Deborah Clearman

At dawn on Saturday, August 17, forty-four intrepid rowers gathered at Pier 40 to begin VCB’s annual circumnavigation of the most famous island in the world. We were joined by four members of the international press from Australia, Brazil, and Switzerland, and by VCB’s new friend Captain Jack Maggi whose Hospitality Boat carried three passengers who wanted to make the voyage by motor rather than human power. Our Chase Boat, skippered by Ingo Gunther, first mate Dave Clayton, carried one of the journalists. The other three rode along in gigs.

We set out right on schedule in six Whitehall gigs and King Tide. Our crews included six visiting Gloucester Gig Rowers, two members of the Boston Rowing Club, and nine dynamic Dragon Boaters from Morgan Stanley who had decided to spend a relaxing day facing sternward for a change of pace. Commodore Marcel Dejean provided each crew with well-designed map of the route complete with a schedule, designated stopping points, and helpful instructions (where there would be bathrooms! what hazards to avoid!). Marcel’s route and schedule would prove to be just right.

The weather forecast had been unsettled, with a small chance of thunderstorms in the area. Fortunately these held off. Light cloud cover and a gentle northeast breeze provided refreshing rowing conditions as we rode the Hudson ebb south, rounded the Battery, and met the flood tide to sweep us up the East River. At 9:30 AM we reached Anable Basin, where, with the generous permission of Long Island City Community Boathouse, we tied up at their floating dock. After a long break to drink coffee and wait out the tides, we continued up the still flooding East River to cross Hell Gate in a weakening current and enter the Harlem River as it was beginning to ebb. Luckily for human-powered boaters, the Harlem ebbs north, the opposite of the East.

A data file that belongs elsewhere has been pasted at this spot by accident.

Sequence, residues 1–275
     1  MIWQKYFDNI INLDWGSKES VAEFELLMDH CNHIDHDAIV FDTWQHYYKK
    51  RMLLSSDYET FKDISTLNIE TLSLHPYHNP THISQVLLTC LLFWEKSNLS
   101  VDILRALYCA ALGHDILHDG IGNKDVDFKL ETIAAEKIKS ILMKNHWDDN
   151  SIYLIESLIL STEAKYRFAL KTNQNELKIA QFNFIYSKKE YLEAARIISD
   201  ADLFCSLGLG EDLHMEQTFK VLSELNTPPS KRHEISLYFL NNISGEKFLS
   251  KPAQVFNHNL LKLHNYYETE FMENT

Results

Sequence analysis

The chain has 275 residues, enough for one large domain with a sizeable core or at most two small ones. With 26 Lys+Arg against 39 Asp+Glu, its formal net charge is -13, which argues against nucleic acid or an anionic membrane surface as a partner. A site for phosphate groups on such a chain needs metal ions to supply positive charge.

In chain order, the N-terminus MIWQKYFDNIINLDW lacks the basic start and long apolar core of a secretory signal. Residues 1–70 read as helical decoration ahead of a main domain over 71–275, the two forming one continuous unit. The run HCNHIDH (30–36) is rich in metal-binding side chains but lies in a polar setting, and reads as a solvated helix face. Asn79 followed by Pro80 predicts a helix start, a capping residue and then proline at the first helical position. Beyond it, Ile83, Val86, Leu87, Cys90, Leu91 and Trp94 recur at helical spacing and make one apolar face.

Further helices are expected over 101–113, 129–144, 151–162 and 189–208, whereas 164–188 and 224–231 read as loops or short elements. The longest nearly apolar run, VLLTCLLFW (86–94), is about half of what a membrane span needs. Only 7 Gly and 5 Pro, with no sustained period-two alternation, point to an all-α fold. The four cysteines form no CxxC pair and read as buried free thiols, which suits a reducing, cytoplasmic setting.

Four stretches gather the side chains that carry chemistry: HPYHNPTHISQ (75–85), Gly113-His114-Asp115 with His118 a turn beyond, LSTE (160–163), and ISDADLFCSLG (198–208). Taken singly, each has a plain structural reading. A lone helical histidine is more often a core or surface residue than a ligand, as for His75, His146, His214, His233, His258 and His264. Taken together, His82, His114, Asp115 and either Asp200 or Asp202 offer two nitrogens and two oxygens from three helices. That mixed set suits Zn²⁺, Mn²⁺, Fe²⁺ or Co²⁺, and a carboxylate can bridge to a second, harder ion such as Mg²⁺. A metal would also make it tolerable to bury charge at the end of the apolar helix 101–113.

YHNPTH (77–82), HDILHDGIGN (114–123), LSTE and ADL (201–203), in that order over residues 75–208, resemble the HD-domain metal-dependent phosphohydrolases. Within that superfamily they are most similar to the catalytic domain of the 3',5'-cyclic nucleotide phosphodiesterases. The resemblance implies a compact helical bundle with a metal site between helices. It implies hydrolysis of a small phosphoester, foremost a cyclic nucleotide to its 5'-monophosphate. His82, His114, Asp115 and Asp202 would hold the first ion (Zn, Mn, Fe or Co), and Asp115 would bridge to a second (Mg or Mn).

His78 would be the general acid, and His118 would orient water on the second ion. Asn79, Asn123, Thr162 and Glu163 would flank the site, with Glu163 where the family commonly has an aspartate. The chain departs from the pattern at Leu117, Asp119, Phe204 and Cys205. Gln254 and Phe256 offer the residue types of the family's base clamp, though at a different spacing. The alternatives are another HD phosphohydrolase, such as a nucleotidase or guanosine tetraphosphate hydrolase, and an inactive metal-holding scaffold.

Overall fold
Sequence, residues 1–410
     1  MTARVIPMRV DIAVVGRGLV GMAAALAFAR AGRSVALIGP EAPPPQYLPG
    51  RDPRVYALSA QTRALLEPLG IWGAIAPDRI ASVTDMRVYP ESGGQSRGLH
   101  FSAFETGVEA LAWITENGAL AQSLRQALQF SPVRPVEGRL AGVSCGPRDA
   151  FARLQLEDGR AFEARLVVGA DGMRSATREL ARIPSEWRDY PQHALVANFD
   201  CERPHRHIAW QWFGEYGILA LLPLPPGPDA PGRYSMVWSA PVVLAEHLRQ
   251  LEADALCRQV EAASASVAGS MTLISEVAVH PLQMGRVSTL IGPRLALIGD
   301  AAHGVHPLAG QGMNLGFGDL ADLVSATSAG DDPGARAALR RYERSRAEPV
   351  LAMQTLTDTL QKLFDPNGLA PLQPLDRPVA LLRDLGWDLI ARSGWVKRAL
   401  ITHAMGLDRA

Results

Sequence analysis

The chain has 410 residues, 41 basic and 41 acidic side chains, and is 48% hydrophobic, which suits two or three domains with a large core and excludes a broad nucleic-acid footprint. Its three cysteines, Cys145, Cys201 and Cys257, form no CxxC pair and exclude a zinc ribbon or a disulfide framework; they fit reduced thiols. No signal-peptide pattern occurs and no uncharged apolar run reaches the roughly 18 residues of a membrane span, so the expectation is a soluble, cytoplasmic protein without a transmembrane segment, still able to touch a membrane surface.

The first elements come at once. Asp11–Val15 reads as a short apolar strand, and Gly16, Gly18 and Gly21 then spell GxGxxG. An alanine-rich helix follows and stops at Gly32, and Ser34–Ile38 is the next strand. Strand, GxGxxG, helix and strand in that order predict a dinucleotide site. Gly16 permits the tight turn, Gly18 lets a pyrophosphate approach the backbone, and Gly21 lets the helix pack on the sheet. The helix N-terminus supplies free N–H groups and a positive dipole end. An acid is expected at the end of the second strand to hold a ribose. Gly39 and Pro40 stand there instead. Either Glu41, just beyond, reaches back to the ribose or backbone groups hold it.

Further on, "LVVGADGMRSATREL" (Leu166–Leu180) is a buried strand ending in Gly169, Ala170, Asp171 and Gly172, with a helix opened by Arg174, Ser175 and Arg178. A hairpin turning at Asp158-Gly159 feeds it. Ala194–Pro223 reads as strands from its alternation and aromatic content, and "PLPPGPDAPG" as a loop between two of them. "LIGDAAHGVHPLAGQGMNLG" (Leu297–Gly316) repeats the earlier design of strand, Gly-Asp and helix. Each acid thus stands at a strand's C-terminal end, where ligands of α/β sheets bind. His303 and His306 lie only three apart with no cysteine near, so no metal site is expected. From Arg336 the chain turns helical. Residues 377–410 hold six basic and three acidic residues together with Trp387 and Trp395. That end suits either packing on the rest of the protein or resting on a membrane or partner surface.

We enjoyed the placid waters of the Harlem River, counting the bridges we rowed under. There are 21 in the whole circumnavigation. Along the Harlem we passed the picturesque Peter Jay Sharp Boathouse, home of Row New York, and several inviting homeless camps tucked along the wooded shoreline.

We entered the Hudson at Spuyten Duvil, where the low rail bridge was open for boats for the first time in several years (so we didn’t have to take down bow flags and duck). The Hudson was beginning to ebb, and we pulled over at the beach under Dyckman Street Pier for a short break. By this time the crews had all become friends and the Gloucester Gig Rowers were inviting us to come row with them in Massachusetts. After a brief chat we jumped into our gigs for the last and hardest leg of the voyage. The boats spread out across the silver river under the magnificent George Washington Bridge. Some foolish person remarked at how flat the water was. Flags up in Washington Heights were still indicating a gentle northeast breeze. Ha! Old man Hudson must have heard, and soon he kicked up a stiff east wind that pushed us over to the Jersey side and set some nice big waves in motion. For the last hour we bounded over waves into the wind, arriving back at Pier 40 in various stages of exhaustion, happy to have tested our mettle after ten hours on the water.

Inside the boathouse Melissa Curtis and her band of elves had transformed our normally cluttered workspace into a festive party room. Tables set with colorful tablecloths, a spread of delicious African food, and a variety of cold beverages welcomed in the tired mariners. We reconnected with friends, family, and volunteers who had helped make the event successful, and we celebrated a great row.

We thank all who came from near and far to pull an oar with us, to share the day with us, and to donate their hard-earned doubloons to Village Community Boathouse.

Photos by Sally Curtis

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